Tuesday, June 16, 2015

Smart Safety: Burglary Safety Tips for Kids Home Alone

Nearly 2 million home burglaries are reported in the United States each year and the majority occur in the summer months. A recent U.S. Census Bureau report illustrated that 7 million of the nation's 38 million children between the ages of 5 and 14 are left home alone on a regular basis. And in married-couple families with children, 60% of both parents work, which means the summer is when children are most likely to be home alone while school is on break. I have the opportunity to share some tips from law enforcement experts at the Force Training Institute on how parents can prepare their children to know how to respond if a break-in occurs when they are home alone this summer.

Role Play and Discuss: One of the most important things parents can do to prepare a child to learn the proper way to respond to a break-in is to practice. Just like schools have fire and other emergency drills, households should do the same. Parents should talk to their children about the proper way to respond to a break-in, and then conduct a scenario with the child while providing direction and support.. The scenario does not need to be frightening as it is meant to build the child’s confidence and decision-making. 

Retreat: The first thing children should be taught about a break-in is to move the opposite direction of an intruder. Even if a child is older, he or she does not know what the intruder’s intent is or if the person has a weapon.

Grab Communications: Whether it is a portable home phone, a cell phone, or a tablet, kids should also be concentrating on grabbing a means of communication to call for help as they are getting away from the intruder and moving to another part of the home.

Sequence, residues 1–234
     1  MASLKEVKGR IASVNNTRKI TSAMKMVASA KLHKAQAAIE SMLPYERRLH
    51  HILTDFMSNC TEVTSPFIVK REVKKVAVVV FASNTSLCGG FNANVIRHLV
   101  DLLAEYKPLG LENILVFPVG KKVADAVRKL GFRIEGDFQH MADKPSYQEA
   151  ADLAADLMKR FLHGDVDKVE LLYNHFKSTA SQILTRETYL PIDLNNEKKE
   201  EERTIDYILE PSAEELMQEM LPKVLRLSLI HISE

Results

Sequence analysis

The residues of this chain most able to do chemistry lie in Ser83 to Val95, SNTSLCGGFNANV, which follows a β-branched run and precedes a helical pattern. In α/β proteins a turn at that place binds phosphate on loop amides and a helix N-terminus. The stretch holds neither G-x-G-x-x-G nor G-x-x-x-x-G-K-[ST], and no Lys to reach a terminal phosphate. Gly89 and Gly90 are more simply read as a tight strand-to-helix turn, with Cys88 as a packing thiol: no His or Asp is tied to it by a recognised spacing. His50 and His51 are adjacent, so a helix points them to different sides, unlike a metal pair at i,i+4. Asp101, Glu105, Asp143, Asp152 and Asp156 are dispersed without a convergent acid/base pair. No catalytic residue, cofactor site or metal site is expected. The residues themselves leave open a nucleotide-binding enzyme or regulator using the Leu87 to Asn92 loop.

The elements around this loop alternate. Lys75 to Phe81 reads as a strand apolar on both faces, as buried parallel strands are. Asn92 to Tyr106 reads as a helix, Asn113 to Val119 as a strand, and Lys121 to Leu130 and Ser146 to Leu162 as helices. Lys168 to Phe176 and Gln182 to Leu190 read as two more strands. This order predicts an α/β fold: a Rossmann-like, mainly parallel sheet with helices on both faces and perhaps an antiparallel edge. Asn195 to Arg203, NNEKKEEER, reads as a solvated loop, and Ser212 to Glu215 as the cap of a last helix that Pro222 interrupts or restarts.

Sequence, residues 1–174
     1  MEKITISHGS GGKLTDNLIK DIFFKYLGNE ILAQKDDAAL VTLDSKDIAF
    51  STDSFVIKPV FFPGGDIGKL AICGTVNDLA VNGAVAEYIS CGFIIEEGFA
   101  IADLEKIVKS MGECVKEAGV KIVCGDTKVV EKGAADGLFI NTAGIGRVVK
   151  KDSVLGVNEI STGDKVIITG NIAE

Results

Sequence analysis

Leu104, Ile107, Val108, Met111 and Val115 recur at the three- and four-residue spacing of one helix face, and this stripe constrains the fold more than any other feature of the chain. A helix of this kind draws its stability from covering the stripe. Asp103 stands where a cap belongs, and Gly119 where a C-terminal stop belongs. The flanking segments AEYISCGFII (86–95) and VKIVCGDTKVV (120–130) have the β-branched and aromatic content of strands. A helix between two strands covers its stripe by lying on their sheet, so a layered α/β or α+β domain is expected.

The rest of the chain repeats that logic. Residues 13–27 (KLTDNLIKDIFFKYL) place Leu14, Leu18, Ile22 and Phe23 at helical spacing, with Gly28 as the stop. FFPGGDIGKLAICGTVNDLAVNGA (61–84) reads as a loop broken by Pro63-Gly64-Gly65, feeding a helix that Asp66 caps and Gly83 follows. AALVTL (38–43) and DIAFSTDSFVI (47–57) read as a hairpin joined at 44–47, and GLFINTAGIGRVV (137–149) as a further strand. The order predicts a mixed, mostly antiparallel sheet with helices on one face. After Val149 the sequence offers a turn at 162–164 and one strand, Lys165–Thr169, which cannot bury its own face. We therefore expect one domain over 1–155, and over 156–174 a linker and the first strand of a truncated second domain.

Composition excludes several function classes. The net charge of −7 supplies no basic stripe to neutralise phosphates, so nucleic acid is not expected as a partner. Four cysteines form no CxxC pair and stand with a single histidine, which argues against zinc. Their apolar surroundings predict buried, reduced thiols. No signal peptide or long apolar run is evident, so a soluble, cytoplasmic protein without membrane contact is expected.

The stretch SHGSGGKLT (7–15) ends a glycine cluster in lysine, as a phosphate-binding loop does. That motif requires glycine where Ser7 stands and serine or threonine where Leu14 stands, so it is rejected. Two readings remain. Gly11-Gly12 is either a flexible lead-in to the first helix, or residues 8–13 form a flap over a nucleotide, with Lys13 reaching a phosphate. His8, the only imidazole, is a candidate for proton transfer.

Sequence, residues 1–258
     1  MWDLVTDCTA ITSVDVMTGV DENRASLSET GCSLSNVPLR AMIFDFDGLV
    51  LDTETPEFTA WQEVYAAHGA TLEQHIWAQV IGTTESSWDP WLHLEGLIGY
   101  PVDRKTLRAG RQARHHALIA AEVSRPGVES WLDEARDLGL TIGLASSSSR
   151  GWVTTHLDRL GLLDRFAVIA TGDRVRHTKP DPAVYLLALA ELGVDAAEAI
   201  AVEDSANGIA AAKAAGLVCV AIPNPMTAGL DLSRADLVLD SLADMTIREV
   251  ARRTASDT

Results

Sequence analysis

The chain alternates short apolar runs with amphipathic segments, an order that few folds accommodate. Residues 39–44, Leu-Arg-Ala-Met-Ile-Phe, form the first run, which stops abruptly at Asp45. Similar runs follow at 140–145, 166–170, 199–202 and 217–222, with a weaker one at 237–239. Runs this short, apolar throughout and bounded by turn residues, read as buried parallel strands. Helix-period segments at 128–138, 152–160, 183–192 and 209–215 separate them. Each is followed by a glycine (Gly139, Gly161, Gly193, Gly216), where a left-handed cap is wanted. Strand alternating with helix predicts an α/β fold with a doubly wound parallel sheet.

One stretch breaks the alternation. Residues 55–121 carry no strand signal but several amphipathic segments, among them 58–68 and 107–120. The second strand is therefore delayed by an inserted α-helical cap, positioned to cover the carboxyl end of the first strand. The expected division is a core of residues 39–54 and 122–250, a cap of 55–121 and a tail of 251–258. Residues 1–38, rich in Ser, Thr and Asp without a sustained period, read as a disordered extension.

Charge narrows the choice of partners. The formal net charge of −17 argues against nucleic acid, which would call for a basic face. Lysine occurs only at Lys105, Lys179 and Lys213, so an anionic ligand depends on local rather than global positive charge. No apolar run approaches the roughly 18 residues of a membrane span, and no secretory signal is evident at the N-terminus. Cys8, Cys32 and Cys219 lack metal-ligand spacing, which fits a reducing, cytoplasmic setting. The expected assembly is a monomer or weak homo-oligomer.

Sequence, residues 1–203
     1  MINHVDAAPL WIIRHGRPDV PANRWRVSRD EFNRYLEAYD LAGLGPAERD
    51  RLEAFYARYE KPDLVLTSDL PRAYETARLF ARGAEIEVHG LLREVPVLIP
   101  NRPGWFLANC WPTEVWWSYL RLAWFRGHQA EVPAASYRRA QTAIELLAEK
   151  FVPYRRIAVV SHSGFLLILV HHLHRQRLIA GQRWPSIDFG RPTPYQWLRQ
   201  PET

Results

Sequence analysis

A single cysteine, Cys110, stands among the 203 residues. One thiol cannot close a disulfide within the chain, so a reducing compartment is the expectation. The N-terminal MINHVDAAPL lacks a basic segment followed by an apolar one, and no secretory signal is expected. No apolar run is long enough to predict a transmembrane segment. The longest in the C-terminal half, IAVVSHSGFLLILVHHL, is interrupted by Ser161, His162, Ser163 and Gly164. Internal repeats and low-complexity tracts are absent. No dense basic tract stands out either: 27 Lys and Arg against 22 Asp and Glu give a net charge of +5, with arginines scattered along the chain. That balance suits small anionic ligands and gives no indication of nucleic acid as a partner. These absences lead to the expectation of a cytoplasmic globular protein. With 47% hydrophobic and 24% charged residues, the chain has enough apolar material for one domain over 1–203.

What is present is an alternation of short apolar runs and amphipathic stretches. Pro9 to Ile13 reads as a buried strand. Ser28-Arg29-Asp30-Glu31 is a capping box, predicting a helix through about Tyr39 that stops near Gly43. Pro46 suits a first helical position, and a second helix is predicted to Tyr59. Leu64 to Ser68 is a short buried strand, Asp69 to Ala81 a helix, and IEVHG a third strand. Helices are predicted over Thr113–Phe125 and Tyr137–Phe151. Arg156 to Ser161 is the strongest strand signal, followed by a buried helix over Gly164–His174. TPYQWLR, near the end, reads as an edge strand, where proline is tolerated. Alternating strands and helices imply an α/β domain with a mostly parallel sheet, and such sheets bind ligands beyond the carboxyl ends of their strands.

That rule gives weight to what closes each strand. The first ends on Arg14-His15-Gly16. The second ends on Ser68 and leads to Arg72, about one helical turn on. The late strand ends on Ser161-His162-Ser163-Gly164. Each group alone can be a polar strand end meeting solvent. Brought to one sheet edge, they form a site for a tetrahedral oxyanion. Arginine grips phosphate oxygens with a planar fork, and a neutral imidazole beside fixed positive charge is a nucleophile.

Barricade: Once they have moved away from the location the break-in occurred at, children should find a secure place to barricade themselves into. This could be a bedroom, bathroom or closet. Any room that has only one door that can be locked and barricaded with a chair or other piece of furniture is suitable.

Try to be Invisible: Hiding under a bed, inside a coat in the back of a closet, in a dirty laundry hamper, or under blankets and pillows on a messy bed are all good options for camouflage. Teach kids to be as small, hidden and quiet as possible.

Call for Help: If possible during the break-in situation, teach children to first send a text message for help to parents, family members or a trusted neighbor or family friend asking for help and for the person to call 911 to come to your home. Make sure your child knows to turn the volume off on a phone or tablet so device noises do not give away a hiding place. If it is not possible to send a text for help, teach kids to call 911 and whisper they need help, tell the operator a break-in is happening, they are home alone, and their address.

Use Basic Self-Defense: In the event an intruder tries to physically harm a child during a break-in, parents should prepare their children to know basic self-defense skills that could save their lives. If an intruder is trying to cause harm or kidnap a child, he or she should know to scream as loud as possible, try to hit the intruder in the groin, eyes or nose, to not be afraid to bite, and to never stop moving, kicking and squirming to try and get away.

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